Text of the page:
You might think of pansies and violas as winter plants for pots, but they’re usually available in autumn too. Pansies and their smaller cousins, violas, are very hardy plants that can cope with winter conditions, so if you plant them in an autumn container they will still be looking good months later.
Pansies and violas are also cheap plants to buy, and require very little in the way of maintenance. They’re not fussy about soil type either.
Hardy chrysanthemums bloom in October and November, so they make great fall plants for pots and hanging baskets. They enjoy a sunny location, and if you deadhead them regularly (scroll down for how to do this) they will just keep on flowering.
Miniature or shorter varieties of hardy chrysanthemums are your best options for pots.
If you like your flowers on the bold side, primroses will do the trick. They’re available in some pretty bright shades, and will definitely perk up a pot with a shot of colour. In my experience primroses are a firm favourite when gardening with children too.
Marigolds are another great choice if you want bold, bright fall flowers for pots. As well as showy blooms, they have delicate foliage which has a strong scent.
Marigolds grow best in full sun and enjoy a sheltered position. Deadhead them regularly to keep them going.
This is another plant that you can ‘borrow’ from winter and plant in an autumn container. Cyclamen have unusual, delicate blooms on slim stems, and a backdrop of pretty leaves. Choose from white or shades of pink and red.
Do make sure you buy a hardy variety such as Cyclamen hederifolium or Cyclamen coum; some varieties are only suited to growing indoors.
Winter heather (Erica carnea)
Heathers will really earn their space in an autumn container, providing an abundance of textured flower spikes in a range of colours. Heathers will carry on flowering throughout winter too.
Bulbs for fall hanging baskets and pots
We tend to think of flowering bulbs as a ‘spring thing’, but there are actually lots of autumn flowering bulbs that work well as fall flowers for pots.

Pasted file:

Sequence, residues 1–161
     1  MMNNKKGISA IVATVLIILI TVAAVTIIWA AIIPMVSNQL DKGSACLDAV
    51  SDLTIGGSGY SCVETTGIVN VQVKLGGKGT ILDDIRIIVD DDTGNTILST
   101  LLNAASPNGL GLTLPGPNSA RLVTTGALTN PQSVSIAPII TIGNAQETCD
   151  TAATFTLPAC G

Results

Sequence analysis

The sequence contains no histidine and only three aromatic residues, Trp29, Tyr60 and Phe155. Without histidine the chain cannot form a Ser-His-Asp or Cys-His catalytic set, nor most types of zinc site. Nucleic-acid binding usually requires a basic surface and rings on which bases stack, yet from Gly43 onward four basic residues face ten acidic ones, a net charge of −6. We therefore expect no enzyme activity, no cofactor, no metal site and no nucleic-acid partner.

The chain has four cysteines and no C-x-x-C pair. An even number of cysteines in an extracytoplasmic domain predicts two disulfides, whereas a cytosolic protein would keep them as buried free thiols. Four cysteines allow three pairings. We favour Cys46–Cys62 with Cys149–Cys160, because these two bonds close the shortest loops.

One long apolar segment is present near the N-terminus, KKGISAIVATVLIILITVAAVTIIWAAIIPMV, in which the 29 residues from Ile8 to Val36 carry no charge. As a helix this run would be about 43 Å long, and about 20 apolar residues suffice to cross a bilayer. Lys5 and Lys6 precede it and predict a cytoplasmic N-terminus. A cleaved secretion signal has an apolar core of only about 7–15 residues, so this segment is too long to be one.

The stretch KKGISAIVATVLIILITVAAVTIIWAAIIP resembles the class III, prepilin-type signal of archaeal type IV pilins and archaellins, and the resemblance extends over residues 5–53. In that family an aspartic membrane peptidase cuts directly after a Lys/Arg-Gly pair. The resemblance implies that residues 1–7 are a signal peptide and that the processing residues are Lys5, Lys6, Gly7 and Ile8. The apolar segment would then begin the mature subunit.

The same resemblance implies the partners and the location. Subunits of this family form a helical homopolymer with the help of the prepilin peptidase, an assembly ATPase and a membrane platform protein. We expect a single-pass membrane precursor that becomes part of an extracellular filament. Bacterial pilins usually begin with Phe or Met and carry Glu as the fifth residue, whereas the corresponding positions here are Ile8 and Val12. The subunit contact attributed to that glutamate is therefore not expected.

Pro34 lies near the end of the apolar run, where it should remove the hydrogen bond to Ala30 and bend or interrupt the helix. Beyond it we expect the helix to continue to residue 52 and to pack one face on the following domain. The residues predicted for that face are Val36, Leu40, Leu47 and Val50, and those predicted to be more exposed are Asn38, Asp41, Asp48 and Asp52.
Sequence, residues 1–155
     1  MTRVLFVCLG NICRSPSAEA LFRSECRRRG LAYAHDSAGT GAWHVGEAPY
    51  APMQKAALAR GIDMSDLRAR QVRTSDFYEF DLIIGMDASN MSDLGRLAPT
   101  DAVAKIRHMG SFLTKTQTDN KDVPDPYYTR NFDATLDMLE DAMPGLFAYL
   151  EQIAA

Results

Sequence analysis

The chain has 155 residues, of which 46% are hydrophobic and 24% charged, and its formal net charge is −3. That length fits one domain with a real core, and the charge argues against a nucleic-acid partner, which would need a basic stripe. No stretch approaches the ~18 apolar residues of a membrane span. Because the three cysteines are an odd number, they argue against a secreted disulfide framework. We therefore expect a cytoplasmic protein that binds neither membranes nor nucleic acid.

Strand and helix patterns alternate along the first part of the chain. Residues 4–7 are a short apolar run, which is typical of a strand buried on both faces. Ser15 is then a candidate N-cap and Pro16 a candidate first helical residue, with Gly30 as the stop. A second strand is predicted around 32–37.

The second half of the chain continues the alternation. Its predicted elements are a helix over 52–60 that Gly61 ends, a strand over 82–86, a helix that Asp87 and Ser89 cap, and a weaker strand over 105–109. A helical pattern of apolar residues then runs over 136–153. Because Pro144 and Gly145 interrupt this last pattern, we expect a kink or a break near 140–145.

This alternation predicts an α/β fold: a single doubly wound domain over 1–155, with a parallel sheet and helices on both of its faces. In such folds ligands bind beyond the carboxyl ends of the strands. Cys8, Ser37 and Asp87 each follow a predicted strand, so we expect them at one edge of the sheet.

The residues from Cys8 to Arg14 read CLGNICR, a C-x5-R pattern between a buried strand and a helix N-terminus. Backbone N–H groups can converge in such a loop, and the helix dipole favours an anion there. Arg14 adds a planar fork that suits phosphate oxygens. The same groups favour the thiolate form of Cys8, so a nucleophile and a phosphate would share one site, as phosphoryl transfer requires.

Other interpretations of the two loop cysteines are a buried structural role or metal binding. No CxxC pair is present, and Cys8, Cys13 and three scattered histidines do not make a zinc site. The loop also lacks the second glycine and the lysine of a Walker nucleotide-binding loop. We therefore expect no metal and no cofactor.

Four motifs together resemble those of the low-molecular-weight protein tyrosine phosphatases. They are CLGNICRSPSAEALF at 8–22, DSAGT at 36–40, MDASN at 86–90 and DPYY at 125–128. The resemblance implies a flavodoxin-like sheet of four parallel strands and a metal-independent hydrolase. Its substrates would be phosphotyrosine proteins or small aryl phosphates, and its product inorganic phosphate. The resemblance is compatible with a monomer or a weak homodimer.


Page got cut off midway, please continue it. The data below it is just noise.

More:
Adding a few bulbs to your fall hanging baskets and fall planters is a thrifty way to boost your flower display and keep you container looking smart for longer. If you haven’t tried this before, check out my bulb lasagne post which has a step-by-step guide to layering bulbs in pots.
All of these autumn flowering bulbs can be added to your containers and pots.
Autumn crocus (Colchicum)
We’re all familiar with spring flowering crocus, but did you know there are autumn-flowering crocus too?
Also known as autumn crocus and ‘naked ladies’, Colchicum are fantastic bulbs for autumn planters. They look crocus-like, and there are lots of varieties to browse. ‘Autumn Queen’ is an early flowerer, ‘Innocence’ is a white stunner, and ‘Pink Goblet’ is honey-scented.
Nerines produce beautiful, lily-like flowers in autumn. Ideally they need to be planted in spring.
Snowdrops in October? Why not! This tough little plant will add a delicate touch to an autumn container, and works well in a hanging basket too.
Autumn daffodil (Sternbergia lutea)
This isn’t really a daffodil, but the bright yellow flowers and deep green leaves explain why it has acquired its name. Sternbergia bulbs like well-drained soil and a warm spot.
Foliage fall plants for pots
Foliage plants play a crucial role in a container display. They may not be as showy as their flowering neighbours, but they can work hard to add texture, contrast and even height to an arrangement. Some foliage plants can deliver wow factor all on their own too.
These foliage plants are all excellent options for fall hanging baskets and pots.
Cineraria has interestingly-shaped silver-grey leaves with a slightly fuzzy surface, so it really delivers on interest, texture and colour. It works nicely with cool tones, and is pretty hardy. If your pots are in a sheltered spot you may find that cineraria will live for years; prune it regularly to keep it under control.
Super-tough and always reliable, ivy is a good filler for an autumn container. You can choose from variegated and all-green varieties, and the trailing habit makes it perfect for autumn hanging baskets.